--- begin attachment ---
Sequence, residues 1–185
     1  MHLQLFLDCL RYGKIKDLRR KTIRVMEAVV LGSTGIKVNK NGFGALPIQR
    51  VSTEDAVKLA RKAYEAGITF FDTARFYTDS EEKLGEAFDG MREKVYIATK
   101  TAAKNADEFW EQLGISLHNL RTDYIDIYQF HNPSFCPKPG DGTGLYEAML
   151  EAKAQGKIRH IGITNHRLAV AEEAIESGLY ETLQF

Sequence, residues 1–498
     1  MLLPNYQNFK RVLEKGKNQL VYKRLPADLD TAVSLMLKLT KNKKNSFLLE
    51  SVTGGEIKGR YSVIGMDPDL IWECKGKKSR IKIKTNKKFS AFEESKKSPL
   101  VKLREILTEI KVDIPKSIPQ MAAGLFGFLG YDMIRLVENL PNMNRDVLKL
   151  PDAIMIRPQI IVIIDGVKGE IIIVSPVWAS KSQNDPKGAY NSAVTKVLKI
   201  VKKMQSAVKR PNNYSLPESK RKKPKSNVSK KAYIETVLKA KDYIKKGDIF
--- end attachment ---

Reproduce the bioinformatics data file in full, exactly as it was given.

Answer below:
Sequence, residues 1–185
     1  MHLQLFLDCL RYGKIKDLRR KTIRVMEAVV LGSTGIKVNK NGFGALPIQR
    51  VSTEDAVKLA RKAYEAGITF FDTARFYTDS EEKLGEAFDG MREKVYIATK
   101  TAAKNADEFW EQLGISLHNL RTDYIDIYQF HNPSFCPKPG DGTGLYEAML
   151  EAKAQGKIRH IGITNHRLAV AEEAIESGLY ETLQF

Sequence, residues 1–498
     1  MLLPNYQNFK RVLEKGKNQL VYKRLPADLD TAVSLMLKLT KNKKNSFLLE
    51  SVTGGEIKGR YSVIGMDPDL IWECKGKKSR IKIKTNKKFS AFEESKKSPL
   101  VKLREILTEI KVDIPKSIPQ MAAGLFGFLG YDMIRLVENL PNMNRDVLKL
   151  PDAIMIRPQI IVIIDGVKGE IIIVSPVWAS KSQNDPKGAY NSAVTKVLKI
   201  VKKMQSAVKR PNNYSLPESK RKKPKSNVSK KAYIETVLKA KDYIKKGDIF